I have no trouble falling asleep. It is a rare night that I'm not asleep five minutes after hitting the pillow. What I do suffer from is night waking. Come 3 or 4 in the morning, I often find myself wide awake. It's too early to get out of bed and start my day, and while I eventually fall back to sleep, I wake up exhausted.
Because we go through many sleep cycles every night, waking in the wee hours of the morning is fairly common, but not being able to go back to sleep multiple nights in a row spells trouble. To prevent this maddening pattern, I've gotten proactive and cleaned up my sleep habits. Here are common sleep disruptors and what you can do to sleep through the night.
- Stress: No surprises here, right? Stress can interfere with sleep. It's true. My mind would start racing at 4 a.m. and in the moment there was little I could do to slow it down or distract it. However, meditating regularly during normal waking hours has proved quite helpful. I won't lie, meditation is challenging for me; but sitting quietly and focusing on just my breath for 10 to 15 minutes a day, three or four times a week, has helped reduce my stress levels and become the best free sleep aid. Jotting down a quick to-do list before lying down helps too. Getting the tasks down on paper and out of my brain means I can relax and surrender fully to sleep. Ahhhh.
- Alcohol: Those nightcaps are a double-edged sword. Alcohol initially makes you sleepy, but as your body metabolises the booze, it becomes a slight stimulant. I decided to see if not drinking at all helped. Quality sleep didn't come right away, but five days into being on the wagon, I found myself sleeping through the night. Now, I occasionally drink wine with dinner but save it more for the weekends.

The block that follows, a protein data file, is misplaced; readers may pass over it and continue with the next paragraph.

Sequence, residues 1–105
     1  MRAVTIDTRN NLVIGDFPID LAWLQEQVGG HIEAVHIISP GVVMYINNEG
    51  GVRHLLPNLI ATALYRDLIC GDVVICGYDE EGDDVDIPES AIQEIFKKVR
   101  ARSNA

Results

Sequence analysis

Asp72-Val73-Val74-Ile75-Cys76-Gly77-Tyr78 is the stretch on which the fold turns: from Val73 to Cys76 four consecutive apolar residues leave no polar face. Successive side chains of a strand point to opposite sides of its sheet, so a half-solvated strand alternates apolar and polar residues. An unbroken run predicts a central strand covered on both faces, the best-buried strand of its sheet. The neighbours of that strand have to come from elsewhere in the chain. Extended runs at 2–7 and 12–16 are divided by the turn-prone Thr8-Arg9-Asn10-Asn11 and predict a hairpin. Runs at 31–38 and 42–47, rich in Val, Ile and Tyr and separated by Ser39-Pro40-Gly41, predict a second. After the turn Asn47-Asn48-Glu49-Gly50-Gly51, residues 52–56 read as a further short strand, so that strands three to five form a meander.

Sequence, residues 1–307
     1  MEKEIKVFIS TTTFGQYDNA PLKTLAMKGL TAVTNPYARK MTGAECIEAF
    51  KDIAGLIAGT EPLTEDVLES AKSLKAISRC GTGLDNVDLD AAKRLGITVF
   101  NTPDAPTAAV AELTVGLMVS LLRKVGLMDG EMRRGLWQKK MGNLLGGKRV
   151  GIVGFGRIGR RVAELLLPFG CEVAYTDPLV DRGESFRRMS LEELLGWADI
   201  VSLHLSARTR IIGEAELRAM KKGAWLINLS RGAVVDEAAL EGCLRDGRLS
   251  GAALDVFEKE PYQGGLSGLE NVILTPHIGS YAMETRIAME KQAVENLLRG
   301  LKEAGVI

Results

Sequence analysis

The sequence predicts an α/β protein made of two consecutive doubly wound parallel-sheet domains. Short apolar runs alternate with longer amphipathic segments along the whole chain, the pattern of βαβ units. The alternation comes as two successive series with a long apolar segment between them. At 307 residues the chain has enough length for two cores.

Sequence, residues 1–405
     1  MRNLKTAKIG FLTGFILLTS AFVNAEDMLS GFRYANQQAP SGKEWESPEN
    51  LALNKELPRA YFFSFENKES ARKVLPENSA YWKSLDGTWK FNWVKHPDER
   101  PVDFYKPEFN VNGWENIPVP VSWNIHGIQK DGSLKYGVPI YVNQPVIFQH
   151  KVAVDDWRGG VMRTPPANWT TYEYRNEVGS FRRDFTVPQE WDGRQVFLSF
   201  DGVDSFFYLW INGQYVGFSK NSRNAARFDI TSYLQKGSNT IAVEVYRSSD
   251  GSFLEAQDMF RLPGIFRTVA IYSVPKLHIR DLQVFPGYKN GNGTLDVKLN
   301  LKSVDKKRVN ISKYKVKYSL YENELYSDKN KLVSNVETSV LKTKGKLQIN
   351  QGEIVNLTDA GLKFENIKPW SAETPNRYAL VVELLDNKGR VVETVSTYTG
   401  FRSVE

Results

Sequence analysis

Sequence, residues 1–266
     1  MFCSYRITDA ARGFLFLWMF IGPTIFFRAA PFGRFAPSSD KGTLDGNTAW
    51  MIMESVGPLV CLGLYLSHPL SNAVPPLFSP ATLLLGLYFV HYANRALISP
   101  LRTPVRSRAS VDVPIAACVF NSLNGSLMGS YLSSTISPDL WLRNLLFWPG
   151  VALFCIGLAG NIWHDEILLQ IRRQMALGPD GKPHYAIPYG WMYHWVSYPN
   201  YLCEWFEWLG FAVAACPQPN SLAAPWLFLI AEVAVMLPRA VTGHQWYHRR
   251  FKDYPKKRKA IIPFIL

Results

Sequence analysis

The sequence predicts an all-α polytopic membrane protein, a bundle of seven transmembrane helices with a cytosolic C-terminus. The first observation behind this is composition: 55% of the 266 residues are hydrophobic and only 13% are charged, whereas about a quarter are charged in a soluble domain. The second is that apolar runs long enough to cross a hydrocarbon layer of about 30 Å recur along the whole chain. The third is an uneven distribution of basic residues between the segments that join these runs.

- Screens: I like to play nerdy word games on an iPad in bed, but I have given that up. The blue light of these screens confuses the brain and interferes with the production of the sleep hormone melatonin. So I gave up my nighttime games and just read in bed, even though many experts say beds are just for sleep and sex.
- Temperature: The optimal sleeping temperature is 60 to 65°F. I took the extra blanket off my bed and just sleep with a sheet and down comforter and this seems to keep me from overheating and asleep.
- Melatonin: I have also found that taking melatonin, which was recommended by my doctor along with meditation, has helped too. I take a three mg dose in pill form right before bed.
- Peace: I have made peace with the problem. Instead of getting frustrated, angry, or stressed about my lack of sleep, I try to chill out. I don't look at the clock every two minutes, which I have hidden deep in my nightstand as to not trigger more stress about lack of sleep. I just lie in bed and rest, which is still pretty useful. Breathing and relaxation techniques help too.
Two common issues that I don't believe were affecting me: fluctuating hormones (as women age, they tend to become lighter sleepers) and the need to pee. But you should limit the intake of any bevvies a couple hours before bed.